By Jonathan Shikes
By Alex Brown
By Cafe Society
By Samantha Alviani
By Lori Midson
By Mark Antonation
By Loren Lorenzo
By Nate Hemmert
While World War II was raging overseas, another battle was just beginning on the homefront: the fight for the hearts, minds and stomachs of American diners.
Gourmet magazine was launched in 1941, the same year that M&Ms made their debut, and what the New Yorker called "the world's most distinguished restaurant," Pavillon, opened in New York. Two years later, Pizzeria Uno started making deep-dish pies on Chicago's North Side; corn dogs were invented in 1945 at the Texas State Fair. In 1946, a triple whammy: The Culinary Institute of America, our first serious cooking school, opened; James Beard's I Love to Eat, the original cooking show, aired on television; and Diners Club started issuing credit cards to meet the demands of savvy restaurant-goers.
The Forties were also the heyday of the supper club, an early eatertainment response to Americans tired of rationing butter and cheese and looking for some way to cut loose and celebrate the end of the war. Supper clubs, many of them members-only, combined music and dancing with fancy food prepared by French chefs, food that had never before been seen on this side of the ocean (except in a few hoity-toity places like Chicago's Pump Room). At these clubs, the service was supposed to make diners feel as though they had their own personal butlers and maids, the musicians were the best in their fields, and the cost was quite hefty for the times--dinner for two often ran as high as $50, including tip, a bottle of wine and four courses. But those courses might include dishes as novel as truffle-stuffed quail, filet mignon Caesar Augustus and coconut hot-fudge snowballs, all impeccably prepared by a legion of kitchen staffers, some of whom spent their entire evening doing nothing but slicing ham for chicken cordon bleu.
Not surprisingly, 1949 saw the beginning of the first major study to link high cholesterol levels to heart disease.
Five decades later, a year from the millennium and many years into heart-healthy eating, Denver restaurateur Bobby Rifkin has inexplicably revived the supper-club concept at Pacific Star Supper Club. Even more inexplicable is the Pacific Rim cuisine. While many GIs may have smelled it during their tours of duty in the Pacific, it was hardly traditional supper-club fare, and it's an even stranger choice for an upscale restaurant in a town that already knows the joys of inexpensive satay and tempura.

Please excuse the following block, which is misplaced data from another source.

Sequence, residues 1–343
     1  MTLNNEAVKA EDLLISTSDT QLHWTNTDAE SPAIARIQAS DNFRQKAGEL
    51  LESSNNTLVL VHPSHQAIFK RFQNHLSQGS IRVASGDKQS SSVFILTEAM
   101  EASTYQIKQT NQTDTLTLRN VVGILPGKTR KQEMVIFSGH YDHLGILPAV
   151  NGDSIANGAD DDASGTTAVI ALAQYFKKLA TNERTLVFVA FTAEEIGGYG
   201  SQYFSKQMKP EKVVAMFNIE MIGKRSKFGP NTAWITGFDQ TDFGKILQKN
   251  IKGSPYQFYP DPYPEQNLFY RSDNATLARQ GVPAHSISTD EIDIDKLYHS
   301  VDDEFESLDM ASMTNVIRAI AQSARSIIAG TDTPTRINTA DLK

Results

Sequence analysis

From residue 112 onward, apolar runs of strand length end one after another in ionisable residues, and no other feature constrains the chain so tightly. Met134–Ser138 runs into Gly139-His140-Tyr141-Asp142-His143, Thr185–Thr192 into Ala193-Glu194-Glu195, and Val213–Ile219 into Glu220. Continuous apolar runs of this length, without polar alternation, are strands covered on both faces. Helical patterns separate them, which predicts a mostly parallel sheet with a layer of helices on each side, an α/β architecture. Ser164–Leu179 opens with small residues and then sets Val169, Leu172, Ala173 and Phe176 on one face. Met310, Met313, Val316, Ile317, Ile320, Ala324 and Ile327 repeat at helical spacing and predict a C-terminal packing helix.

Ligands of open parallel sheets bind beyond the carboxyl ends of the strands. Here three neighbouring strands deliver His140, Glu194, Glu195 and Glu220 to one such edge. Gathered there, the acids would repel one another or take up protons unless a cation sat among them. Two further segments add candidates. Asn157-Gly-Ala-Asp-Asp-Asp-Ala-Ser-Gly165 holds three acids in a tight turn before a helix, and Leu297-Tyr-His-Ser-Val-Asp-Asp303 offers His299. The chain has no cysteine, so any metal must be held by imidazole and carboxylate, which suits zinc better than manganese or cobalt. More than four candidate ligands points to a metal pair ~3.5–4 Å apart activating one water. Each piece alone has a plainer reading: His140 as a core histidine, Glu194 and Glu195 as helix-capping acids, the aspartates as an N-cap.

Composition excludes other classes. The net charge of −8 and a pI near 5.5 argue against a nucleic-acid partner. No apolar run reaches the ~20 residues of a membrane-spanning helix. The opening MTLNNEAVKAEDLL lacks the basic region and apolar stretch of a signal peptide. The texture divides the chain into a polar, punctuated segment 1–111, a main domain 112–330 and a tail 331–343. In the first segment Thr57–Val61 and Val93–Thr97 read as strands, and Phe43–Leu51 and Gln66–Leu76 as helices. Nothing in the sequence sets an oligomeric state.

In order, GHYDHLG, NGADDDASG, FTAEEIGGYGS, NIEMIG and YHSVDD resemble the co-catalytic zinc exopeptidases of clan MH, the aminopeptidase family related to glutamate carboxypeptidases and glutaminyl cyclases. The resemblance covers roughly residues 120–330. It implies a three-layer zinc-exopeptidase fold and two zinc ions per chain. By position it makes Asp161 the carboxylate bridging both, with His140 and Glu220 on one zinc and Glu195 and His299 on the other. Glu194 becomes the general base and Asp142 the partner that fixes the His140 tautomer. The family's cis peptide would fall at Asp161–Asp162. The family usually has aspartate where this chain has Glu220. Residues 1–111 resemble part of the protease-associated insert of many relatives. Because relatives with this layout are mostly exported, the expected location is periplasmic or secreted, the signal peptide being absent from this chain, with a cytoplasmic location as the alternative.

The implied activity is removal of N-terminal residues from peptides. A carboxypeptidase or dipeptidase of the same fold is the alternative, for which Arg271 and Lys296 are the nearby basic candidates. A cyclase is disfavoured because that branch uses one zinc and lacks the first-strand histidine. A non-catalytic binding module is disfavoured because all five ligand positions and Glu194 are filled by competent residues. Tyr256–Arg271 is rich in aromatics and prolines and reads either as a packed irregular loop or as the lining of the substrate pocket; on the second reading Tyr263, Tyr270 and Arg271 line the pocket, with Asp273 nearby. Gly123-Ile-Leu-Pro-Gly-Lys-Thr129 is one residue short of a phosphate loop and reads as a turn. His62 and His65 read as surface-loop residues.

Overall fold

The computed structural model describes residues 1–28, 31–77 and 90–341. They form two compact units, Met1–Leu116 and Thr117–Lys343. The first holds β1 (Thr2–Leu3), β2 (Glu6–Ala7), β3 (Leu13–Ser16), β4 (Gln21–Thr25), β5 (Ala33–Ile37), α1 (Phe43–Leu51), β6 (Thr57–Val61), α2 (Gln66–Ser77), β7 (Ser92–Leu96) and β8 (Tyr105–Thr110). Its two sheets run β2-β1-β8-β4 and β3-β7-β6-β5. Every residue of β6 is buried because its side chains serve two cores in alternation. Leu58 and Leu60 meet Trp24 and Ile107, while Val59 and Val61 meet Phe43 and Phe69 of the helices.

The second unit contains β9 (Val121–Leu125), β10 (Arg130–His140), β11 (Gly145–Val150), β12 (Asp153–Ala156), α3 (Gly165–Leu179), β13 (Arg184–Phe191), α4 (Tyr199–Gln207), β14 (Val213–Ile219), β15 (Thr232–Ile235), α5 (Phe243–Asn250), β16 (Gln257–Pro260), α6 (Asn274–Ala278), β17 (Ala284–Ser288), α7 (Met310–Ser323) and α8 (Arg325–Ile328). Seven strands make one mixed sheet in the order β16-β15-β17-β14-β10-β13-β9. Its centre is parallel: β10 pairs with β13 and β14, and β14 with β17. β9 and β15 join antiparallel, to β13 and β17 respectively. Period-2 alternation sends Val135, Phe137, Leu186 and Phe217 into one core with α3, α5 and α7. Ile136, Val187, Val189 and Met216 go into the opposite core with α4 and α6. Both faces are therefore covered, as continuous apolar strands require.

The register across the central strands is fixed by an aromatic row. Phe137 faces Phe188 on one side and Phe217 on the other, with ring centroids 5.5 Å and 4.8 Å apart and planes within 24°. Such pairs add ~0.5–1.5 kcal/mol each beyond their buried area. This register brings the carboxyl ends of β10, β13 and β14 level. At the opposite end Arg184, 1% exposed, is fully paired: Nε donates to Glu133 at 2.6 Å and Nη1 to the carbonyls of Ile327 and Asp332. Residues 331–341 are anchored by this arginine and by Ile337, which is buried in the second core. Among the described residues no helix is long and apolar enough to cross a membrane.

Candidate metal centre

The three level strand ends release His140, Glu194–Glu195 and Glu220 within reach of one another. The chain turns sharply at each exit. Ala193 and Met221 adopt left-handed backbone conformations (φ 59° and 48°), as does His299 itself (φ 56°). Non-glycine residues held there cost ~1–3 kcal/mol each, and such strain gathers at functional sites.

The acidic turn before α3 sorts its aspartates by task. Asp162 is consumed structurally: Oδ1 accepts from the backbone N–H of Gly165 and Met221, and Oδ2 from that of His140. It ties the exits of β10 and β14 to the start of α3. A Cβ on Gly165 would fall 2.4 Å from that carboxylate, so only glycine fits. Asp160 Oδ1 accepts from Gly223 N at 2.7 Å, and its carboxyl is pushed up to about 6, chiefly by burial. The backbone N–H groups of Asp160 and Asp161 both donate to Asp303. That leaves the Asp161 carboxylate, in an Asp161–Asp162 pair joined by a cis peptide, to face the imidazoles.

The atmosphere is convincing, though. The decor bridges the years between the Forties and today by mixing art deco--colored with the elegance of gold and burgundy and set off by a white baby grand in the bar area--with modern touches. There are also vintage supper-club features, such as fresh flowers, tiny lamps on the tables and a setup that allows some diners (they used to be the ones who slipped the ma”tre d' some cash, but I didn't see any evidence of that here) to sit right in front of the dance floor and stage. Rifkin, who owns the Diamond Cabaret Steakhouse, and co-owner Jerry Kernis obviously spared no expense when they opened this posh place last November in the space once occupied by Zenith American Grill. In addition to splurging on the physical surroundings, they brought in two restaurant heavy-hitters: Cliff Young (a pal of Rifkin's), who runs the front of the house, and talented chef Sean Brasel, most recently of Ilios, to create the menu and run the kitchen.
The first time I visited Pacific Star, it was during the annual Girls' Night Out for six moms who live in my area--so we were all fresh from another kind of war. A supper club seemed just the escape we needed. Our limo pulled up, and we stepped into the splendor that is Pacific Star's dining room. The dishes are clearly intended to mirror that opulence--if not its origins--with most offering elaborate, fussed-with presentations. For example, the shrimp tempura ($9.95) featured crispy crustaceans that had been coated in a heavy, heavy tempura batter and deep-fried, then assembled into some sort of Lincoln Log-like structure. They were served with a peach-flavored ponzu sauce--the "ponzu" part here meant soy, soy and more soy--and a too-thick but tasty red-pepper jam.
The other appetizers were less spectacular in presentation and equally disappointing in production. The bland, watery Chinese dumplings ($6.95) came with a sauce that was supposed to be spicy black bean and ginger but tasted only of the latter and even then had no bite. The lobster pancake ($12.95) was like a bloated omelette--we all fought over the two claws' worth of meat. And the shrimp wontons ($8.95)--listed on the menu as "our Chef's favorite appetizer!"--consisted of five chewy wontons served with an alleged wild-mushroom-and-papaya salsa, but I couldn't discern any wild-mushroom taste. The best of the bunch was the Thai beef satay ($7.50): skewers of tender, succulent beef well-seasoned with ginger, lemongrass and chiles and served with a wild-mushroom slaw that not only tasted of wild mushrooms, but did so wonderfully, with just a hint of vinegar.
For the prices Pacific Star charges, we expected better. And the way-above-average price tags on our entrees definitely raised expectations. But I've had better Peking duck at a local Chinese restaurant for half the price. Pacific Star's Peking duck ($24.95) had been marinated in ginger and brown sugar rather than prepared the traditional way, which calls for blowing air into the space between the skin and the flesh and stuffing it with spices, soy, garlic and leeks before roasting the bird. The crisp skin that results is usually the best part of Peking duck. Pacific Star's version had moist meat (just a few medallions, rather than the standard half-duck), no crisp skin and a side of Asian ginger-plum salsa that was mouth-puckeringly tart.